You don’t necessarily need to code an AI, but if your country’s political environment changes and certain politics become normalised, it makes sense voter expectations/standards would change too. Anything along these lines would go some way to challenging players who have already won an election, because right now once you have done that the challenge disappears. The other mechanism that jumps to mind is having exogenous social engineering events (culture changing).


Right, as it stands, this game is essentially about Winning That First Election.
Once you’re firmly in power, all challenge is gone and arriving at your dream government is only a matter of time. Unless you intentionally throw in a curve ball such as starting with one kind of regime and then, once people like you for that, dramatically shifting towards the polar opposite kind of regime.

So it can very much be true, that this game is too hard and too easy at the same time: It may be punishingly difficult to get that first election victory. But once you’re over the hump, it’s very nearly a sandbox game.

I guess the only other challenge is assassinations, which persist for a little while longer than your victory in elections. But eventually, those subside too, and then you have no worry in the world.

Real life just absolutely doesn’t work that way.


Well good news is here!

I did a lot of studying the code, and outcomes and data from the party system and basically recoded some chunks of it yesterday. All I need to do is some playthroughs today before updating the game tomorrow. I had a bit of an epiphany about how it should all work…

There is a lot of talk about the ‘position’ your party takes and how it would be cool if the other parties took different positions and how this would be more realistic. Then a lot of excuses from me about how modelling that is both undesirable and impossible. Then I realized its actually SUPER EASY.

I do not have to model the rival parties positions to move them towards yours. I can just model political opportunism and move the parties positions, without knowing what they are.

Lets say that you are doing super well and the electorate have become super happy. This represents a shift upwards on the electioneering screen as the voters shuffle up towards the top, towards 100% happiness where the players party lives.
0-40% happiness are voting for party A, 40-60% for party B, and > 60% for the player…

Well if we just, over time, move the party-happiness thresholds towards the ‘center of gravity’ of the electorate (which I can calculate based on happiness), then over time those 40% and 60% lines will go upwards and people will leave the players party and join the opposition!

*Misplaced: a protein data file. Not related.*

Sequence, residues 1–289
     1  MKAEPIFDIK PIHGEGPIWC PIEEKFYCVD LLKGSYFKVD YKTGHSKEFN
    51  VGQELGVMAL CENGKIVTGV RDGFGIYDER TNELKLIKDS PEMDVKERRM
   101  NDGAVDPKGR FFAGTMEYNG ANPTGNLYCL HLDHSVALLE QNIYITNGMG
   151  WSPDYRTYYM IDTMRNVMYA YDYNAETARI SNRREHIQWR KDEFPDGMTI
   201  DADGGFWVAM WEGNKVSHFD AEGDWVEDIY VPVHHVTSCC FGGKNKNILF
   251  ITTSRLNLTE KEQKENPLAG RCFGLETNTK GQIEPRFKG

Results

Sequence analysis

Because I use the same values for party-approval AND voting, this also affects votes too.

So for example, if the player is an extreme socialist, and the country is doing super well, the other parties effectively slide a bit towards socialism (opportunism!) in order to capture some of the voters. And if the player is a capitalist, and things are going well, the same will happen. PLUS it works in reverse. If things are going super badly in the country, the other parties will shuffle away from the players position, because they can afford to do so, as the electorate now agrees with them.

This is all in, and coded, and entirely transparent to the player. I’ve tested it a bit, and will test more today, but I think its a MUCH better system. I also found some bugs in the earlier party code which will explain some prior weirdness.

TL;DR: New system lets the thresholds for supporting each party adjust over time to take into account the collective view of the electorate.


That sounds like an excellent change!
It might turn out that the assassinations framework will become less necessary then too. Because, honestly, assassinations also seem quite unrealistic, currently. They should have a lot to do with stability. In reality, modern day first world countries rarely see even the attempt, let alone somebody managing to pull through with that.

Politically motivated attacks tend to be less killing the top person (which, btw, wouldn’t work that well anyway: While that person may disappear, the rest of the party is still there, and it’s likely that they wouldn’t follow too different lines. At best it’d cause them to be more authoritarian in their approach in the name of safety), and more projecting power / instilling fear (which is also silly for a number of reasons, but the kinds of folks who do such attacks don’t tend to be the most long-sighted of people, I feel)

Isnt this more or less what I was recommending two posts beforehand lol

Pretty similar actually yup. I found a few bugs when i was doing it which should mean the latest version is even better.


If you reject too many of the proposals of the party in your coalition, that party should leave the coalition and it should be a game over event. There should of course be a waring when this happens, but it should happen. Maybe have the opposition be a thorn in your side, along with the judiciary as well?